Joy Harjo On When She Realized Poetry Has Power (via Vogue)

During her three terms as the 23rd poet laureate of the United States, Indigenous poet Joy Harjo—who hails from Muscogee (Creek) Nation—has not only used her platform to spotlight the beauty of the written word, but has also highlighted the works of contemporary Native poets across the nation. One of her biggest projects as poet laureate was creating “Living Nations, Living Words,” an interactive map that highlights the works of 47 different Indigenous poets throughout the country. “As the first Native US poet laureate, I decided that my signature project should introduce the country to the many Native poets who live in these lands,” Harjo said. “Our communities innately shared and share poetry from before the founding of the United States to the present.”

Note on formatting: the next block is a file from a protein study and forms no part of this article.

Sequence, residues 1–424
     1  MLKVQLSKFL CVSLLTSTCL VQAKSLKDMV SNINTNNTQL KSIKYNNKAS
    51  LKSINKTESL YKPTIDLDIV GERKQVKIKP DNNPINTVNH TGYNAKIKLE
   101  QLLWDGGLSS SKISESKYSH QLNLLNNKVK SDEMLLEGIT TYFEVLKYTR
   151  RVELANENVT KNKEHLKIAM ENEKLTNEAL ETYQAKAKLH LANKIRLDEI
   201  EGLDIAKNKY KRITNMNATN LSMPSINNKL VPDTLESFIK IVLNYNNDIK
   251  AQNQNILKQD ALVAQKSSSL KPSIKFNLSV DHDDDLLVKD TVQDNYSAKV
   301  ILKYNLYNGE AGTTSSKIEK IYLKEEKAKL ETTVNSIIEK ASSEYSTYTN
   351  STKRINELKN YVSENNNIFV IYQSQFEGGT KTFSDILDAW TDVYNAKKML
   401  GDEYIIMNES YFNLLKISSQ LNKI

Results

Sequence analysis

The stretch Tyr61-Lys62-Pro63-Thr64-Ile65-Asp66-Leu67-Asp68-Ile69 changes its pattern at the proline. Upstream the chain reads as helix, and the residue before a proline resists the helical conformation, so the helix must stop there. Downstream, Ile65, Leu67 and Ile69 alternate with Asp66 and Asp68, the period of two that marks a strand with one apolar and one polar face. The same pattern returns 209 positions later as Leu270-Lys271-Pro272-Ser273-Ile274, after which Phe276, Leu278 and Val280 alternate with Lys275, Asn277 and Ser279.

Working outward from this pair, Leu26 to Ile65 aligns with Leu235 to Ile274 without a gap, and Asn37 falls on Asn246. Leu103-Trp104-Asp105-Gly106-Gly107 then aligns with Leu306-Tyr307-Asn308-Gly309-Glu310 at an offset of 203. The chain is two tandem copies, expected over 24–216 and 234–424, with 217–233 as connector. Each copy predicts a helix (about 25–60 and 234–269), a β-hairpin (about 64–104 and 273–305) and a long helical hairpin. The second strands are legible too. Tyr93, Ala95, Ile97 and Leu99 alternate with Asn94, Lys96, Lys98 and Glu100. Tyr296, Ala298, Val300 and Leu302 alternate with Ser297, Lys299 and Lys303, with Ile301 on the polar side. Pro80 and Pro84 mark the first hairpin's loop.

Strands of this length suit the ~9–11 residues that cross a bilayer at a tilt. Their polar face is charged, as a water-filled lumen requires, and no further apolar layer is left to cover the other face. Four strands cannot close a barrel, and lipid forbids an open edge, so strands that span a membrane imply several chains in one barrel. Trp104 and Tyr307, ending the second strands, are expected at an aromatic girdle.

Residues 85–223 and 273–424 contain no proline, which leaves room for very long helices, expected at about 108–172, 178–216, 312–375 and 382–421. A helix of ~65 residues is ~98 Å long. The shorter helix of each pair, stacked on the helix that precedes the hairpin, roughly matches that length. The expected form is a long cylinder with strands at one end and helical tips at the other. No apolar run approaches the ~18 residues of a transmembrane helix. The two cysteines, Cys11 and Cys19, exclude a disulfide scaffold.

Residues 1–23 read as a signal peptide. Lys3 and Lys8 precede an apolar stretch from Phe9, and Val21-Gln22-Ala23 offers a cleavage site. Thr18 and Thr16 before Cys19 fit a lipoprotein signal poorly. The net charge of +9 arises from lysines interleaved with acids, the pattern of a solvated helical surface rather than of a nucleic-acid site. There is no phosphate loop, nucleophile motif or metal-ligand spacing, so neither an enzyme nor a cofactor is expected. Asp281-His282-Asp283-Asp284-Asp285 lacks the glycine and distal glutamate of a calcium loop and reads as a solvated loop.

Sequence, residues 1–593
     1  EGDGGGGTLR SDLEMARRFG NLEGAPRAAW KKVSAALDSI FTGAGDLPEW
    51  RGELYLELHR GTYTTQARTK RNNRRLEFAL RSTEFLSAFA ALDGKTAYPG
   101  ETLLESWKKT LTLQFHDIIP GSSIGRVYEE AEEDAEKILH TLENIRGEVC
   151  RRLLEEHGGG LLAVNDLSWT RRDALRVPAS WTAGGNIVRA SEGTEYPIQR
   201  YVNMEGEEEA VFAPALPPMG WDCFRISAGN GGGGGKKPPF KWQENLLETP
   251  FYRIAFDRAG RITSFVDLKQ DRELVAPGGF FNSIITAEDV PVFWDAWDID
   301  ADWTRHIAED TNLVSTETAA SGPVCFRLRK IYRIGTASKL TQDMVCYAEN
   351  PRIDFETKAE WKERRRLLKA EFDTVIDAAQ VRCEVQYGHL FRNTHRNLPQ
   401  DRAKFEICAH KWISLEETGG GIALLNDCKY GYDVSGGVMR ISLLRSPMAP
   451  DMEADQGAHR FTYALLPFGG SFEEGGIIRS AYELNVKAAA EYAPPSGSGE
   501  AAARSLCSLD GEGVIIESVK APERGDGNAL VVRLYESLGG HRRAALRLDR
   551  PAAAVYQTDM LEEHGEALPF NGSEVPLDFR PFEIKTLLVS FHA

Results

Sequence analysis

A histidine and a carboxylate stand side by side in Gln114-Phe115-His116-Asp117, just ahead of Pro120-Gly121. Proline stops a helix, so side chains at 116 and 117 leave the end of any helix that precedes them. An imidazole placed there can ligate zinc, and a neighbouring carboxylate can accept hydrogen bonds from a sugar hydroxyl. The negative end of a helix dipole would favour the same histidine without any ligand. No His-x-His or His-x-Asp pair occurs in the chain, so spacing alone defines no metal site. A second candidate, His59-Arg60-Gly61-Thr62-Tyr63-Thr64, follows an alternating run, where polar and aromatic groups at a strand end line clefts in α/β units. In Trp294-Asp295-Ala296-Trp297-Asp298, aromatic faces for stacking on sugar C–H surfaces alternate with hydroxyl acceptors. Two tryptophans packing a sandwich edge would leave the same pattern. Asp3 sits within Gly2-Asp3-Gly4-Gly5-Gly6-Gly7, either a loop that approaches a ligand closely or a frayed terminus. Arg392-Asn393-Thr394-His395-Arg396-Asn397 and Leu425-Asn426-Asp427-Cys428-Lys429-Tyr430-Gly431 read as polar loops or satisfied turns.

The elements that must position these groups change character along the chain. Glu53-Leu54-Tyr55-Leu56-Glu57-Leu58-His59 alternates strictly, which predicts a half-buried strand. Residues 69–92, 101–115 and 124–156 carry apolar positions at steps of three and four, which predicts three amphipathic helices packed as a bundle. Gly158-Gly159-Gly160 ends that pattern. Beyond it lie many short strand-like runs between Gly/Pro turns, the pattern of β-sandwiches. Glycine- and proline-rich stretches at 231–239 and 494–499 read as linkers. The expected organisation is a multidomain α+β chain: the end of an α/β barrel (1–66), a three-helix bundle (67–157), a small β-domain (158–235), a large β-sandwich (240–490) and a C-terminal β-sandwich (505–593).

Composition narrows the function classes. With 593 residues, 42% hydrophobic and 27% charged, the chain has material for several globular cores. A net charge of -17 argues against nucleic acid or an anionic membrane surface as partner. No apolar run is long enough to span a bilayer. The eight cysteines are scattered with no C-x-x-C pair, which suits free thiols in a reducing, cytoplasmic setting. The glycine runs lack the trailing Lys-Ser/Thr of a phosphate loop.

Throughout her career, Harjo has also written many works of poetry on her own. She’s published nine books of poetry, including 2019’s An American Sunrise, which won the 2020 Oklahoma book award. She has also pub­lished two award-win­n­ing children’s books, sev­er­al screen­plays, and three plays. In honor of her illustrious career, Harjo was awarded the lifetime achievement award at the National Art Awards yesterday, which took place at Guastavino’s in New York City. Shortly before, Vogue took a moment to chat with Harjo about what inspires her work, what she learned from being the poet laureate, and how poetry can be a powerful tool for humanizing her Indigenous people.

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Vogue | Joy Harjo

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